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Clinton Middle School uses 20-day challenge to encourage attendance

Posters hang throughout Clinton Middle School in Tulsa to promote 20-day challenge to encourage classroom attendance. (KTUL)

TULSA, Okla. (KTUL) -– Monday marks the start of week two of the academic year for Tulsa Public Schools, and Clinton Middle School is working to be an example in the district by making sure all of its students are going to class.

Principal Michelle Brown and staffers started a 20-day attendance challenge on the first day of school to help limit truancy and keep parents away from paying court fines.

Brown said, thankfully, the school does not have a truancy issue and is working to gain even higher attendance ratings.

“Missing school is missing out' is our slogan. We tend to say that to the kids all the time just to try to create that excitement and reason to be here," Brown said.

The principal said the first 20 days of school sets the tone for the rest of the year. If a student misses two days per month, studies have shown the absences could put their education at high risk.

“They can really set not only themselves back academically but their class. Their teachers having to repeat instructions, they’re having to catch those students up,” she said.

Oklahoma truancy laws will hold parents accountable for a student missing too much school. The penalty depends on the numbers of days missed. The first offense could cost parents a $25 to $50 fine or up to five days in jail. The penalty gets worse—by the third offense, parents could pay a $100 to $250 fine or up to 15 days in jail if the neglect continues.

Clinton is part of the ‘Diplomas Now’ organization, which is made up of three partners: City Year, Communities in Schools and Talent Development Secondary. The programs work to improve attendance, behavior and course performance, as well as increase student involvement outside of the classroom.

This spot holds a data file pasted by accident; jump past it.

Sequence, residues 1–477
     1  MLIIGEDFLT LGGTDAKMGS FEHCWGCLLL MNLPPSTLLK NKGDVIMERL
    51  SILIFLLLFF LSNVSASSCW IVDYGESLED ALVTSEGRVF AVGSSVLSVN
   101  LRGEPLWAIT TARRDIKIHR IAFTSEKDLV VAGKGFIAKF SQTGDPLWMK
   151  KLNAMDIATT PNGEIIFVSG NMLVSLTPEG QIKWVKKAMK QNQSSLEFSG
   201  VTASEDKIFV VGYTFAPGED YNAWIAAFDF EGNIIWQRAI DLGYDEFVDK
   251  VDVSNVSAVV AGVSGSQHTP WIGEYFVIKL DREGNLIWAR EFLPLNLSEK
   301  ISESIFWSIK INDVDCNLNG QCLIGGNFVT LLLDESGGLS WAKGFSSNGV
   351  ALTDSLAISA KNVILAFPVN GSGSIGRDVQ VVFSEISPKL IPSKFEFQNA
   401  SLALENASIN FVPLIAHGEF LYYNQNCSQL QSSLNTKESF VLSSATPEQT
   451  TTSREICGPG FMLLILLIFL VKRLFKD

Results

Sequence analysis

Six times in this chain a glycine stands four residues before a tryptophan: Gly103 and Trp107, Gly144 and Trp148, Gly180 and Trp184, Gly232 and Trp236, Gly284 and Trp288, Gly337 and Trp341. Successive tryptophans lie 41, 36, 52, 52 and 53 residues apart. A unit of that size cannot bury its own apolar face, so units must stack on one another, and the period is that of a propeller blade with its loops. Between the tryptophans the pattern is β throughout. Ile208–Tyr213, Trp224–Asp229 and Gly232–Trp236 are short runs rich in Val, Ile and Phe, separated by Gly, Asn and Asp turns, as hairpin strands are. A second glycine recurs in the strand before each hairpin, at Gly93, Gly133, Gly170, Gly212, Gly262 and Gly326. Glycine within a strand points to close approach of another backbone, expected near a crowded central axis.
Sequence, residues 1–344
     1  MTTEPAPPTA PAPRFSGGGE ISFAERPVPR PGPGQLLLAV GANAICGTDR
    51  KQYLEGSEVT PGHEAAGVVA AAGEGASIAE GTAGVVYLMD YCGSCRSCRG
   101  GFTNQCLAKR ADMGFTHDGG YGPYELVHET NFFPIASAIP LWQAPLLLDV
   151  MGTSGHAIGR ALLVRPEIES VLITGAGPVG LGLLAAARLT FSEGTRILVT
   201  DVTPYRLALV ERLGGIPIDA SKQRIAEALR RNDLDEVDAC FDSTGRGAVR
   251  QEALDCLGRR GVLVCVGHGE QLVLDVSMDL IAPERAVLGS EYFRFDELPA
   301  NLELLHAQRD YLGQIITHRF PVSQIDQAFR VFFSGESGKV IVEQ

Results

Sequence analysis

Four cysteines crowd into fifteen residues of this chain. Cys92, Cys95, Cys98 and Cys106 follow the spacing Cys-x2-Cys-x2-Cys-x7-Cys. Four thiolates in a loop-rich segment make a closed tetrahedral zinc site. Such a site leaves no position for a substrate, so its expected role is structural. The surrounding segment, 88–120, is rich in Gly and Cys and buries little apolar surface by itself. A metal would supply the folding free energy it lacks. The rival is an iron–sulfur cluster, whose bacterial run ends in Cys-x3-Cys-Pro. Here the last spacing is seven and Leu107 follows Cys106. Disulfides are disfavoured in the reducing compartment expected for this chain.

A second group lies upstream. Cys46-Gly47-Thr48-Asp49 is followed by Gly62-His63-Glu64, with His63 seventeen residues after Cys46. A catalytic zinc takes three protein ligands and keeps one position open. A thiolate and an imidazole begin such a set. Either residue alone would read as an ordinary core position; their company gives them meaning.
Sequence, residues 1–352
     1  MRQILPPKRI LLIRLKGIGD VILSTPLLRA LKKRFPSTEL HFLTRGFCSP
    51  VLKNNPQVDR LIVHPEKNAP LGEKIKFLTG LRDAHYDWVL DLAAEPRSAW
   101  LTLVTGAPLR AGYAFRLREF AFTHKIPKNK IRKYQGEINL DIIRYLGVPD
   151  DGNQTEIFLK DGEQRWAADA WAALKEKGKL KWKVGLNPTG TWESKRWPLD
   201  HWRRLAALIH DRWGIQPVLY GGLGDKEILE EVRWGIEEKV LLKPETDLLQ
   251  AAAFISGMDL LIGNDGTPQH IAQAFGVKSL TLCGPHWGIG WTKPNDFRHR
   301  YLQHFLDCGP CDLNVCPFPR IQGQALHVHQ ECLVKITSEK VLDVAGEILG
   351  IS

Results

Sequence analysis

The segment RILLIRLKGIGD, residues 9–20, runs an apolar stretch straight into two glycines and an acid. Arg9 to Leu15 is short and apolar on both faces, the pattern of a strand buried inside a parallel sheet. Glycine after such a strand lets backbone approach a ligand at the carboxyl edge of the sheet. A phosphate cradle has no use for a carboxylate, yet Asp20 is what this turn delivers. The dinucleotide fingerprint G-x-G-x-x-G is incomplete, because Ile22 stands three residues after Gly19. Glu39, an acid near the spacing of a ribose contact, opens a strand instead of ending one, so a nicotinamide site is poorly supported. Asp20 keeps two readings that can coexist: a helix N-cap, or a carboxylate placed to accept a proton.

“If a student is off track in any one of those areas without intervention, they only have a 25 percent chance of graduating from high school,” said Lory Takawira, a coordinator with Clinton’s Talent Development Secondary program.

Takawira said the school’s attendance is in good standing -- it's one of the top schools in the Diplomas Now program. She said attendance has been improving over the last three years. To continue the success and growth, Takawira said Clinton implements its Early Warning Indicator System to help incoming students.

“Identifies students who are falling off track or sliding in attendance behavior and course performance," Takawira said.

If students stay on track to meet the goal, they will be rewarded with a party and other prizes. Brown said they hope the incentives will help motivate students to get to class.

“We really do want our kids here...and we just really try to encourage them to be her and let them know that we want them here," Brown said.

The 20-day challenge will end Sept. 19.

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